Ten Tips for Potential Telecommuters
The best and most frequently cited advice gathered from nearly 2000 tech workers
If you're a tech professional, you have probably looked into the opportunities and advantages of working from home. Keep in mind, however, that a major work-style change can mean a major change in lifestyle, too, and you might not get what you bargained for.
Taken from a survey of 1,953 technology professionals at tech portal techies.com, here are 10 things you should know before you move your workplace home.
1. "Before telecommuting, make sure you have the necessary motivation to go to work every day and the drive to get your tasks done. Also, you know the saying 'out of sight, out of mind'; you need to take the initiative to stay in touch with co-workers, bosses and customers. Email is not enough. You need to call them, preferably with a work-related topic."– male systems administrator from the South
2. "Have a designated area in the home that can be isolated [close the door] and used only as your workplace."– female systems administrator from the Midwest
3. Hundreds of techies advise: "Be sure to get high-speed internet access." Also, many emphasize the need for a second phone line to enable better separation of work and personal issues. Both of these technical enhancements make for better time management and less stress, techies say.
4. Establish a solid relationship with co-workers, managers, and clients before telecommuting. "One of the major disadvantages to telecommuting is the reduced time spent with peers, which ultimately equates to reduced job/experience growth."– female project manager from the Midwest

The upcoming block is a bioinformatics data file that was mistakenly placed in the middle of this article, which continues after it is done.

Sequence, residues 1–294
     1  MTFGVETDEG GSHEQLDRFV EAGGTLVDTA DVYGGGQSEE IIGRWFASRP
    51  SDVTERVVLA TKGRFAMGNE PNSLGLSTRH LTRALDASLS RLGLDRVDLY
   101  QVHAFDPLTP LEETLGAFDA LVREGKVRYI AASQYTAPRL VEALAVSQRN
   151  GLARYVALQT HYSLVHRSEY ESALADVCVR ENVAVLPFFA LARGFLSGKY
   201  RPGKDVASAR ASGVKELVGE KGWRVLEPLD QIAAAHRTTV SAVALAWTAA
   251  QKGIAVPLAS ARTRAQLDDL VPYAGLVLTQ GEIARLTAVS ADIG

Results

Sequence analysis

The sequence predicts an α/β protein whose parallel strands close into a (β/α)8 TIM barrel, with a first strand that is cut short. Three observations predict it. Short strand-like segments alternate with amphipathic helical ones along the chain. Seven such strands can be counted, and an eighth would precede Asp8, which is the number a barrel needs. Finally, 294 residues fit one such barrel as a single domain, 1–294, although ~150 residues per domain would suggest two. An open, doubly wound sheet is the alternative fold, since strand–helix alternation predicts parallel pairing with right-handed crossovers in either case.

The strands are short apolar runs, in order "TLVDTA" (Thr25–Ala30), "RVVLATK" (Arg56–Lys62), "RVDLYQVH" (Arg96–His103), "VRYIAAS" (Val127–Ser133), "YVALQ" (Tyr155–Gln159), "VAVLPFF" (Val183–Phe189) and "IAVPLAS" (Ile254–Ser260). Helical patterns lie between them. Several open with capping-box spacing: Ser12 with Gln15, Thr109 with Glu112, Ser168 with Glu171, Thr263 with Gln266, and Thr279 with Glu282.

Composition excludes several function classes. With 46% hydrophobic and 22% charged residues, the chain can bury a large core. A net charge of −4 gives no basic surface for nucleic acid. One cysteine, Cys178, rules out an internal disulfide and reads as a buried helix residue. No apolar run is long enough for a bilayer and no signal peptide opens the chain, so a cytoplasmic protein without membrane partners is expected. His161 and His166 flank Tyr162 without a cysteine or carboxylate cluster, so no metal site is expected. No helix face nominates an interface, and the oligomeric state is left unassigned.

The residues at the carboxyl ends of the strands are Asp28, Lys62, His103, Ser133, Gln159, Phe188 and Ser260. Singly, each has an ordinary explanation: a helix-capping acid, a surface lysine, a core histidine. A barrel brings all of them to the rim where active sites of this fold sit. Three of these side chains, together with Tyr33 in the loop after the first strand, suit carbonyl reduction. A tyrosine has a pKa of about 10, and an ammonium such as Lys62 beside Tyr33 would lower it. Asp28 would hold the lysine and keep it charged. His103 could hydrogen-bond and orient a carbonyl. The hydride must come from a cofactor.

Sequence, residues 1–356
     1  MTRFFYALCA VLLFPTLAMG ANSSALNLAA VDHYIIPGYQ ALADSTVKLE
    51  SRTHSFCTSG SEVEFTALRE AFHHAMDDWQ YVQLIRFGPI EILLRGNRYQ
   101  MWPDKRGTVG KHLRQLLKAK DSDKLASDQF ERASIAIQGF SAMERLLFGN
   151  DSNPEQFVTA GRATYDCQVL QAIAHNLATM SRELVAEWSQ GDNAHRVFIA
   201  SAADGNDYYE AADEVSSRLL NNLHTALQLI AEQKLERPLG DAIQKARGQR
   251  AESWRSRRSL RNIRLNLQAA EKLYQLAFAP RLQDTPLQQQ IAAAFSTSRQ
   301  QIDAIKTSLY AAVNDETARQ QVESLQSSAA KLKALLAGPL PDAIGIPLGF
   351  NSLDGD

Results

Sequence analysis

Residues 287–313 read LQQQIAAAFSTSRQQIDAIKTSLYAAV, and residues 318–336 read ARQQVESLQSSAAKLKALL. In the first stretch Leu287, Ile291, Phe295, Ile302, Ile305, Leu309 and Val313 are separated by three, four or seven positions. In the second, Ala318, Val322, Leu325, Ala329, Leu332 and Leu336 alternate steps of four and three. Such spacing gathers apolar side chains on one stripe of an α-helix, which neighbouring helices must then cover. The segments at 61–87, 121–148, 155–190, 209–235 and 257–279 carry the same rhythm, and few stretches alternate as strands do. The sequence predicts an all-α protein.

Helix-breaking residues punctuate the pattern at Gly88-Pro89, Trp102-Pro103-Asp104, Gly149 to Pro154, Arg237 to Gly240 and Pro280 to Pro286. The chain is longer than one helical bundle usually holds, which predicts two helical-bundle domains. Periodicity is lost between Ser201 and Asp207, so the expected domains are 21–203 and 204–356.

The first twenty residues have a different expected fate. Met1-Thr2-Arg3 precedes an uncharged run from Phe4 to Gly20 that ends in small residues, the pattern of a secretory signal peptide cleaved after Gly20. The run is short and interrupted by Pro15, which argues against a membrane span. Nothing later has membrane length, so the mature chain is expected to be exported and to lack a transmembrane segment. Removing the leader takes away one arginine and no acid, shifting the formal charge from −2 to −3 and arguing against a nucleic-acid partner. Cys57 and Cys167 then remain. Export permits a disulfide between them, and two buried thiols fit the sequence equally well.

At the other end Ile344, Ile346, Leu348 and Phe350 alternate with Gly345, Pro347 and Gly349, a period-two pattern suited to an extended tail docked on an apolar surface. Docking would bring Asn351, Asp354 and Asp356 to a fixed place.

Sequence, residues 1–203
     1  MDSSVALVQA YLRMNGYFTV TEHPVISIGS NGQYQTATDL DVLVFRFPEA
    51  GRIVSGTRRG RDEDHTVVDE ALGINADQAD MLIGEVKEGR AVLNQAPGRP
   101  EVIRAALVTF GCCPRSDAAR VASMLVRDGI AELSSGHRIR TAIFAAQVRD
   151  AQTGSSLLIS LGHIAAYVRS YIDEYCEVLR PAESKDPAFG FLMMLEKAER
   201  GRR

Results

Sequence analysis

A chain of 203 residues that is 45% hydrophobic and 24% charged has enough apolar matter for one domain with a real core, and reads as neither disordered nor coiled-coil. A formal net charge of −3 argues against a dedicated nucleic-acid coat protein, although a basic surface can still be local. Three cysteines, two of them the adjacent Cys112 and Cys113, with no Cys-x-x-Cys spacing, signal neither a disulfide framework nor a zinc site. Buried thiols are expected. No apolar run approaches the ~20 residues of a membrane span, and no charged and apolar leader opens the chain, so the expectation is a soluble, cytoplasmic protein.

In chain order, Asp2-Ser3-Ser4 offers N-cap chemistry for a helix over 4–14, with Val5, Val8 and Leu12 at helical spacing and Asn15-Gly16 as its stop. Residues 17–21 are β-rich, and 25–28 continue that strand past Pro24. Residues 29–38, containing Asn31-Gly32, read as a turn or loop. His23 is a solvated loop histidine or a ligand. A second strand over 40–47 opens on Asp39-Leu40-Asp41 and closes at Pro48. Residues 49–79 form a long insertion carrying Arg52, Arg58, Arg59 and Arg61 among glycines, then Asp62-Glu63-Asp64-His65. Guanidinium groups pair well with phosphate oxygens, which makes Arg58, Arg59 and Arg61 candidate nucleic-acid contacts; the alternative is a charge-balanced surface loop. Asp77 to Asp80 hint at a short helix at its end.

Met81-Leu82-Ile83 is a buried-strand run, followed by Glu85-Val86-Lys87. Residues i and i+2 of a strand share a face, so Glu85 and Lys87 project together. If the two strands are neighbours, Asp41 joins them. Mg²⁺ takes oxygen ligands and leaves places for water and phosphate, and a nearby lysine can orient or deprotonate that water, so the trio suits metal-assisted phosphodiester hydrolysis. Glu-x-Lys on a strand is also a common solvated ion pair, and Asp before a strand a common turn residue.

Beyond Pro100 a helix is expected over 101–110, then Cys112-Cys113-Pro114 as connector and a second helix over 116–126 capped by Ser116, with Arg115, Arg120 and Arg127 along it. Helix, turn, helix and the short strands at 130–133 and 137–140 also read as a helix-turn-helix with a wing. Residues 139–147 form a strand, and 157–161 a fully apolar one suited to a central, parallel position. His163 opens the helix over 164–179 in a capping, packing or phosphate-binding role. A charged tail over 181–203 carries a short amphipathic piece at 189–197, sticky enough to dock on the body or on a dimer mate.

5. "Be careful telecommuting in an environment that doesn't permit all to telecommute. Hostility may grow between those that can and those that can't." – male IT manager from the Midwest
6. "Get up in the morning just like you are going into the office. Make sure to get dressed. You don't have to wear office attire but don't run around in the same thing you slept in. This helps you with the work motivation. Make sure your home office does not have a television and you can't see one from where you are sitting. Keep to some sort of schedule that includes large chunks of work time. If you work for 20 minutes and break for 10, then your concentration and subsequently your work will suffer."– male IT manager from the Midwest
7. "You should be: technical enough to take care of your own equipment; disciplined enough to make yourself work; controlling enough to tell others that your are working and cannot do X; [and] strong enough in your workplace to not be dismissed lightly just because you are not seen."– male software developer from the Midwest
8. "Be prepared to have a lot more technical difficulties – especially problems with Internet/network access. Use your work-provided home PC for WORK ONLY!"– male help desk analyst from the East Coast
9. Trying to work with the kids around can be very difficult. "If you can time-shift, work while they sleep and while they are in school."– male tech salesperson from the Midwest
10. Communication with your manager is critical, many techies note. It's important to routinely keep in touch with your supervisor for a couple of reasons: to let him or her know what you're working on, and to stay abreast of company/department affairs. One techie recommends that, "For any work you have done, communicate that you have done [said work] to those whom it concerns and keep an archive of the communication."
But what a lot of folks might not realize is that managers who don't expect routine communication or have poor communication themselves are a liability to your telecommute. "The only real problems I've encountered with telecommuting are with managers that do not know how to manage remote employees," says a male systems support specialist from the East Coast. Techies point out that a manager must be just as prepared to handle telecommuters as telecommuters are ready to efficiently work from home.
Nick Doty is editorial director of Techies.com, an online career and training center for technology professionals based in Minneapolis.